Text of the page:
Twitter is the third largest social media network (following Facebook and Instagram). While I have a love/hate relationship with Facebook and enjoy Instagram, I’m a bit ambivalent about Twitter. Twitter doesn’t drive much traffic to my blog, but I find it useful for other purposes. So here are my top Twitter tools for bloggers.
Revive Old Post
This is a plugin for WordPress that automatically tweets out your archived blog posts. You can adjust the settings for what it tweets and how often, but it’s a great way to stay active on Twitter and use your archives. Many of these tweets get liked or retweeted by my followers. I preface my tweet with “Did you miss?” You’ll also want to make sure that your categories and tags are well organized, because this plugin relies on those.
For more about the Revive Old Post plugin, check out “How to Automagically Tweet Old Blog Posts” from BlogClarity (note the plugin has changed its name since she wrote her post). Or, in your WordPress dashboard, go to Add New Plugin and search for Revive Old Post.
RoundTeam is a Twitter content management platform that helps you share content. I’m part of the iHomeschool Network, which has a RoundTeam list set up. All of us in the Network share our homeschool posts using the Network’s hashtag, and our accounts automatically tweet out the content. Again, this makes me active on Twitter (I’m retweeting great homeschooling content regularly) and also expands the reach of my own posts (they are retweeted by others in the Network).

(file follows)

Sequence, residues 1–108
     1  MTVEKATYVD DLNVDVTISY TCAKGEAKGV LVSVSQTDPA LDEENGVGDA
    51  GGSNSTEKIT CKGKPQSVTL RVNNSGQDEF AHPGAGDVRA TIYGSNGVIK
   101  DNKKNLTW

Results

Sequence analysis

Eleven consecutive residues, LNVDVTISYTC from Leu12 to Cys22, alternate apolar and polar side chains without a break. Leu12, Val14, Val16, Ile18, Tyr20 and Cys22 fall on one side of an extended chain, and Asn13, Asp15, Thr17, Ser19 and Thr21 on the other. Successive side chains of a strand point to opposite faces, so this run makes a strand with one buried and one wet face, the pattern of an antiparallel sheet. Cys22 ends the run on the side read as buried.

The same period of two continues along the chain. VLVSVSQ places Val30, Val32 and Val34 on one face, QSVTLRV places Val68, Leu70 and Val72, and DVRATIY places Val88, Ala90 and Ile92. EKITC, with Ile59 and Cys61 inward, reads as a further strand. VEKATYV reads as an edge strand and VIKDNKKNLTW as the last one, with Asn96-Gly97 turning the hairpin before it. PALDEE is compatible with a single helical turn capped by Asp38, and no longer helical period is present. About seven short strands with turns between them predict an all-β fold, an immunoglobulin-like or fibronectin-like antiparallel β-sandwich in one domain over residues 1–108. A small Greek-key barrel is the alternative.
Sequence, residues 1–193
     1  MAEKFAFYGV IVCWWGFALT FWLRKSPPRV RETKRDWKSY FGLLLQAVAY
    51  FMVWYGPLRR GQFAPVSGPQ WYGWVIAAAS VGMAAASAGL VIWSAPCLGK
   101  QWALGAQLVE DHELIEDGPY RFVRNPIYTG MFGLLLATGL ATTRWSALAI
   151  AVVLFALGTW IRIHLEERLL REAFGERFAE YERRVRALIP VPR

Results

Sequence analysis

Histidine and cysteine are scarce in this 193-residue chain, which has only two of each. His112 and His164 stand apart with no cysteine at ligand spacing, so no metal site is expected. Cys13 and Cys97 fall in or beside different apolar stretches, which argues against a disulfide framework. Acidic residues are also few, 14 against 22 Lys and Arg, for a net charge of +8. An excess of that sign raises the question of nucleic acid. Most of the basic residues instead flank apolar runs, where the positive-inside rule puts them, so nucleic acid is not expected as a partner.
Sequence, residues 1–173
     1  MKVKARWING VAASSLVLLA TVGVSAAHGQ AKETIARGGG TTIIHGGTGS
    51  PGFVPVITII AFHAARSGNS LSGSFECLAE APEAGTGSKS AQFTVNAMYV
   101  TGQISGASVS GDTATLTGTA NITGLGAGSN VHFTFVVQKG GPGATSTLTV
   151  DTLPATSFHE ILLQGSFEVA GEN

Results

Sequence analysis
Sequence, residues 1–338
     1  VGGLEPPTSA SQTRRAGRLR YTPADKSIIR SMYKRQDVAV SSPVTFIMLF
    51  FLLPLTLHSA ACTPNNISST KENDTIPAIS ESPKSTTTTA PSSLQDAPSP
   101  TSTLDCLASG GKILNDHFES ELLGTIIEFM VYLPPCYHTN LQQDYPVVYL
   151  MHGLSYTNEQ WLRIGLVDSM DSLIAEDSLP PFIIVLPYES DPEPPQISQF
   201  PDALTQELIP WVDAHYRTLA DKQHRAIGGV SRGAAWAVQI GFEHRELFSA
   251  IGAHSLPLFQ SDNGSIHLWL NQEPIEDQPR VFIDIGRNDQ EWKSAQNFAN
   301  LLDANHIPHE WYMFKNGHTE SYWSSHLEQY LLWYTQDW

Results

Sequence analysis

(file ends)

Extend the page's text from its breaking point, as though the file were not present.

I’m playing with ideas for ways to use RoundTeam with my blog contributors or other blog groups. Accounts are free and easy to set up.
Buffer is a platform that allows you to schedule tweets. When I have a big blog event or important promotion coming up, I like to use Buffer to make sure that I’m maximizing my Twitter reach without having to remember to tweet something every hour. The free account lets me schedule up to ten tweets at a time. I can pop into Buffer for five minutes, set up ten tweets at specific times for that day or week, and then walk away and forget about it.
Twitter lists are a great way to manage who you are following on Twitter and to use Twitter with purpose. Instead of randomly scrolling through Twitter looking for good stuff, you can visit your list and tweet for a reason.
For example, one of the big reasons I hang out on Twitter is to connect with brands for product reviews and sponsored posts. I have a secret list titled “Brands,” to which I add any brand I’m hoping to connect with. This makes it easy to “flirt” with these brands and try to catch their attention on social media so that they’re more likely to partner with me.
Often, Twitter lists are created around events or interests. For example, one of the blog groups that I belong to has a Twitter list where we can see and retweet each other’s content. Many of the conferences that I’ve attended have also created Twitter lists for attendees so that you can interact on Twitter with other attendees and even sponsors before the conference. This is a great way to connect with other bloggers.
The CrowdFire app is a great way to take a look at your followers. You can see who has recently followed or unfollowed you, and who isn’t following you back. You can unfollow inactive Twitter accounts. If you’re running a contest for a brand in which entrants are supposed to follow a certain account, you can use CrowdFire to verify entries.
What Twitter tools do you use as a blogger?